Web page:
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Everett's Paine Field passenger terminal to reopen Saturday

New rules will be in place for people planning to fly. But can the one-year-old airport in Everett survive on limited flights?

SNOHOMISH COUNTY, Wash. — After a 71-day closure, the passenger terminal at Everett's Paine Field will reopen Saturday.

Just a few weeks before the decision was made to close, the one-year-old airport marked its one-millionth passenger.

The coronavirus pandemic then cut the number of passengers to barely a dozen a day, forcing it to shut down.

"It's been difficult. It was a necessary thing to do, but we are very excited to get back," said airport owner Brett Smith.

When passengers return they will be required to wear masks, and have their temperatures checked.

If someone has a fever a computer will alert airport security who will determine if that person is safe to fly.

The biggest change will be that only ticketed passengers will be allowed inside the building unless they're assisting someone who can't enter on their own.

Part of the past two-and-a-half months have been spent improving the terminal's air filtration system to hospital-grade — using what are called HEPA filters.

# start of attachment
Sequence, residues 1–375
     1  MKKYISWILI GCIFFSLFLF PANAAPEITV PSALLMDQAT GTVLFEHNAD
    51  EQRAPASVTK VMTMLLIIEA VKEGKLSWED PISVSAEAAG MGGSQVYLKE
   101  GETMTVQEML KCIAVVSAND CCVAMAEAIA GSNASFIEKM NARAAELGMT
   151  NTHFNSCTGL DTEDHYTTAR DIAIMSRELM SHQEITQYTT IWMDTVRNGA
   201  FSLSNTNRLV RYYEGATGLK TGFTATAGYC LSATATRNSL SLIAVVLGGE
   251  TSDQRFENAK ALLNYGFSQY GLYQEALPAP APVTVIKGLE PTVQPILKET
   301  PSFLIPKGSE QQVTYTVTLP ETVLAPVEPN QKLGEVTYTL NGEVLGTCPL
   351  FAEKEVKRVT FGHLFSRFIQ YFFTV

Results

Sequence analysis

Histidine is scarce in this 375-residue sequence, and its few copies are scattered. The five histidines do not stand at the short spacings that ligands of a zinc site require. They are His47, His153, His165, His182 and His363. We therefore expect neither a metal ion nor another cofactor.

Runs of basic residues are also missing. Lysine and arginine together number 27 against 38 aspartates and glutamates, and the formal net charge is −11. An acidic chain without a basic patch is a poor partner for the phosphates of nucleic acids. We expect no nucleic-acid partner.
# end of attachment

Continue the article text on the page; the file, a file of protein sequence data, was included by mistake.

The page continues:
"We’re trying to make this the safest environment we can for our passengers," Smith said.

Smith said he would feel safe flying right now, despite the coronavirus surge throughout the country.

"Absolutely. I would. Especially all our planes out here right now are A175s, they're all new aircraft. They're all using HEPA filters and the air is exchanged throughout the whole aircraft within two minutes," he said. "Is it safer than going to a supermarket? Probably. It's definitely safer than being in a hospital."

For now, the only flights out of Everett are going to Las Vegas, Denver and Phoenix. Just three daily flights, down from 24 before COVID-19.

Smith says the airport expects to lose millions of dollars over the next year. 

"If it goes beyond that you're probably getting into the $10 million range but we're prepared to do that if we have to."

Smith remains confident the airport will weather the storm even though the facility hasn't received a single cent in federal relief. Relief calculations were based upon the previous year's earnings and the airport wasn't even a year old when coronavirus hit.

The facility supports 300 jobs and has managed to get by this far without laying off a single employee. 

Investors are shouldering the financial burden. 

Smith has stopped taking a salary.

He's hoping for fair skies and tailwinds ahead.

"We look forward to this being past us sooner rather than later, but we're gonna be here."